Extend Your Real Estate Photography Business With Similar Types Of Photography

August 11th, 2013

CockpitThere are several types of photography that are very similar to real estate photography and depending on your geographic location can do one of these types of photography as an extension to a real estate photography business:

  1. Yacht’sSee this post. Many PFRE reader do Yacht photography.
  2. Luxury Motor Coaches – If you are near a motor home manufacturing company check this out.
  3. Airplanes – This is a new discovery for me.

Lee Jinks in McAllen, TX who has an extensive background in aviation told me about his experiences breaking into corporate aircraft photography:

About two years ago my friend, a Lear pilot, asked if I would shoot a Cessna Citation that was in the same hangar as his plane. I looked at the job as an opportunity to try something new and experiment. It was fun, and I think I got some pretty nice photos. I hadn’t planned on charging him because it was more of a favor, but the pilot of the Citation gave me some cash for my efforts.

I then began to think that this would be something fun to do if I could get my foot in the door. Well, this weekend my friend had an aircraft broker call me to shoot his Lear. The broker was impressed with my photos and I think he plans to use me as his go to photographer for the southern United States.

What’s nice is that most of the techniques are quite similar to those I use for real estate. I found that there where two situations where I could not shoot level and this was hard to do after shooting real estate for so long. In order to get out of the photo from the mirror and capture the seat and sink of the bathroom, I had to shoot at a weird angle. Additionally, the cockpit and panel had to be shot at an extreme down angle. Now that I see the photo, it’s much like many panel shots I’ve seen. I can see some improvements I need to make, but this was my first real jet shoot and I am generally pleased with the photos.

The down side is that these corporate jets are quite small and once you get your tripod and lights set up, there isn’t much room to maneuver. Plus, they don’t cool down the aircraft, so the environment is like working in your attic during summer. It’s not for everyone, but for those who love aircraft and like traveling, it might be fun.

Here is more of Lee’s shoot:







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7 Responses to “Extend Your Real Estate Photography Business With Similar Types Of Photography”

  • I recently shot a class A motorhome at a very large RV lot and will present the photos to the managers/owners to see if I can expand my business. Their own photos were pretty bad. The salesman who let me shot the RV was very helpful and had no problem with me shooting it. It only took about 45 minutes to shoot it.

  • I’m very impressed by these photos and a little curious as to how you lit the interior shots. Well done.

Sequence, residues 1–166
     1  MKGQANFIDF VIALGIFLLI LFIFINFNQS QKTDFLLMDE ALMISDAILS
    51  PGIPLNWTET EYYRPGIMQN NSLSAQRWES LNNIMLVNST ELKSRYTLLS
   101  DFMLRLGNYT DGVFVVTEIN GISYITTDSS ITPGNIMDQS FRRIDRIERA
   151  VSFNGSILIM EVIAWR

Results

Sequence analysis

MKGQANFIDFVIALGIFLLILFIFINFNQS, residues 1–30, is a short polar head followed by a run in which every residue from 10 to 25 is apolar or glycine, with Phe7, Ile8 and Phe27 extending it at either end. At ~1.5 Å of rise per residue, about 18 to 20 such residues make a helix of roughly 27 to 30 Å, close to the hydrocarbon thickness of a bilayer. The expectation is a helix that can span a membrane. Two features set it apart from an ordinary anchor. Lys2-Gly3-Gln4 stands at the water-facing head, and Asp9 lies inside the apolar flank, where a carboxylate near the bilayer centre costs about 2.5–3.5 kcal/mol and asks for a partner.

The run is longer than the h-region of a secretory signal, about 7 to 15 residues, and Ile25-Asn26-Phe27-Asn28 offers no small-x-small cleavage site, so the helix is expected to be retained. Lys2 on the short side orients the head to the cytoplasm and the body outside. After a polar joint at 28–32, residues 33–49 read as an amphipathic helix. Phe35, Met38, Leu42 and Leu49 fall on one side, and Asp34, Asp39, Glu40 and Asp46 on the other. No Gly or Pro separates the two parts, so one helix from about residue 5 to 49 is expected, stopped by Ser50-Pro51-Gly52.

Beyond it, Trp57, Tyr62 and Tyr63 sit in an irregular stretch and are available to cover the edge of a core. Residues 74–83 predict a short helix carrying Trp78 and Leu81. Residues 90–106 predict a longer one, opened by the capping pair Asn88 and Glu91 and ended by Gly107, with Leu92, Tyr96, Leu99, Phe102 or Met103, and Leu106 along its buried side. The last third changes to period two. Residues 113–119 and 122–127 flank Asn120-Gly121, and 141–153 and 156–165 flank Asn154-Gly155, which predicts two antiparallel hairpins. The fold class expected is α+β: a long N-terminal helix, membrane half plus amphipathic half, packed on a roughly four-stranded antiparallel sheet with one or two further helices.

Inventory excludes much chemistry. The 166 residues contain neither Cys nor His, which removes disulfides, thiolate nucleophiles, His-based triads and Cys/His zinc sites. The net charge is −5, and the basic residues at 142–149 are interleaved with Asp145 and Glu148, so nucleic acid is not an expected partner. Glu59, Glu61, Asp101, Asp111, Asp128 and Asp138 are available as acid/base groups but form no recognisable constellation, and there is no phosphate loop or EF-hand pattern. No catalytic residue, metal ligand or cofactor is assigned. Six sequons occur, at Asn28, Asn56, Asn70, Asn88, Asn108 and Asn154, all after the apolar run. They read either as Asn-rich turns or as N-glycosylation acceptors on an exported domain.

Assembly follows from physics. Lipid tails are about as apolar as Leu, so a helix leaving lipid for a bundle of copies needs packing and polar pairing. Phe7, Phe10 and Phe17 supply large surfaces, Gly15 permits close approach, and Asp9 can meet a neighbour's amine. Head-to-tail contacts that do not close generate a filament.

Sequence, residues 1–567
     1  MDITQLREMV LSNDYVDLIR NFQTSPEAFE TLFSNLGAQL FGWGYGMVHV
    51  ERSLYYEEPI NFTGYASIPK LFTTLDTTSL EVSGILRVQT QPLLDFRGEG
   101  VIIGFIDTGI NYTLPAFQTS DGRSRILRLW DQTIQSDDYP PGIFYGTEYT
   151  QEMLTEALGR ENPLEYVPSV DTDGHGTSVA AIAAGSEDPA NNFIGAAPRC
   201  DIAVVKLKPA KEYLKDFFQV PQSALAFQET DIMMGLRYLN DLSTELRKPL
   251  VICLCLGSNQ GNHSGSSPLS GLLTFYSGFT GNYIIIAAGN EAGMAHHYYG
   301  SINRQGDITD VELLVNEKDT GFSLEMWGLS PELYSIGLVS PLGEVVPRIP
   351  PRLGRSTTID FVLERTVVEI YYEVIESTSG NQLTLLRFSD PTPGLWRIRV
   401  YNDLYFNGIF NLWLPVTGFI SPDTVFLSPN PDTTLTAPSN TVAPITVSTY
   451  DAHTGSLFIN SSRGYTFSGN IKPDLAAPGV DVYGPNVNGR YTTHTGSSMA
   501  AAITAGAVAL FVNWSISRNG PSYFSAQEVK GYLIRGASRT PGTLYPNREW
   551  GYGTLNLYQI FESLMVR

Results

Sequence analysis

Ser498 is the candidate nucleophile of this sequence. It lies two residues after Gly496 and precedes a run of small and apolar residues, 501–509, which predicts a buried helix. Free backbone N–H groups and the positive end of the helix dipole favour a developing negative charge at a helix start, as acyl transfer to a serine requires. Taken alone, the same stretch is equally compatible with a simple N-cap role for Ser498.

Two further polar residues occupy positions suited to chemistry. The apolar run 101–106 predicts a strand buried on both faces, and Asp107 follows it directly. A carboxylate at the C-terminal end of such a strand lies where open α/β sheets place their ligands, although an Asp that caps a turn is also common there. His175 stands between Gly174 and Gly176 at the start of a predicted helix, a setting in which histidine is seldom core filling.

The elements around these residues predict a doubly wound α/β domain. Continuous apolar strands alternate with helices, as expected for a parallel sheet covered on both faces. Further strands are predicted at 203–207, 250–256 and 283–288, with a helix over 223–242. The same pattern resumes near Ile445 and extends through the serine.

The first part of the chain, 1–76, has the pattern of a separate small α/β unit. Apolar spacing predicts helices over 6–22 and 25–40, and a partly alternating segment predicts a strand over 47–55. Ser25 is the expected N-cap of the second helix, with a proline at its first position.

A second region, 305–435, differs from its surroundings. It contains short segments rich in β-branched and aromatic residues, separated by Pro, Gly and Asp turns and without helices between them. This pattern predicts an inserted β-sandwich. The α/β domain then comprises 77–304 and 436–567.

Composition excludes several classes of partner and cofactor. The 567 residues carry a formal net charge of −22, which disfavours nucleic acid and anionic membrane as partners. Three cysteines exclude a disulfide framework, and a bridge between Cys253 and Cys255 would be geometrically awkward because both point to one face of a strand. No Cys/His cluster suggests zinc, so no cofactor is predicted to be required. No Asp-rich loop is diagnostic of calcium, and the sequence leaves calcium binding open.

• I used to shoot Class A motor homes (such as Monaco) and also Airstream. (I was assistant/Jr Photog for the man who had the accounts). I must say that there are some large similarities between RE and RV photography. The lessons I learned there have really helped me understand interiors and flow, even if I’m not inside a tube anymore.

  • Cliff, with the cockpit, I held two flashes and bounced them off the ceiling.
    I held one flash in the bathroom and bounced it off the ceiling of the opposite side of the room.
    With the cabin I bounced two flashes off the right side so I could use the left side of that photo and combined it with one that used flash on the left side, one in the chair at the back and one on the shelf just in front of the chair shown. I might have used another flash pointed into the scene on the respective sides. There was one flash in the bathroom set to a lower power. I used the front facing photo, reversed, to place in the mirror.
    And before anyone asks, I walked around the exterior with a group of three flashes taking multiple shots and then layered them in Photoshop.
    Hey, are these secrets I’m supposed to reveal? This isn’t magic, right?

  • Another way to expand (albeit BORING) is to start shooting apartment complexes. It’s usually a model or two, maybe a pool, tennis courts and a clubhouse. Pretty quick and easy work, and most complexes are not independent so one job leads to another and another. There are complexes like these everywhere. Most are marketed poorly with bad photos and generally nothing in regards to video.

    The subject matter leaves much to be desired, but it’s pretty easy money. I’m in the process of doing 22 of them right now…..

  • Thanks, Lee, for the information. For me it’s like finding gold.

  • Not too different than Real Estate, I like to shoot old mansions, homes and churches. I seek out non-profits (e.g., historical associations) and do a photo shoot and VT at no cost. I find it rewarding and challenging, mostly because of the difficult interior lighting situations. I get lots of exposure because of the number of views. For example, my VT or the Meeker Mansion in Puyallup WA ( has been viewed almost 20,000 times. Putting some photos on Flickr nicely tagged also helps because of Google exposure (e.g., Another example is the oldest church in Tacoma WA (

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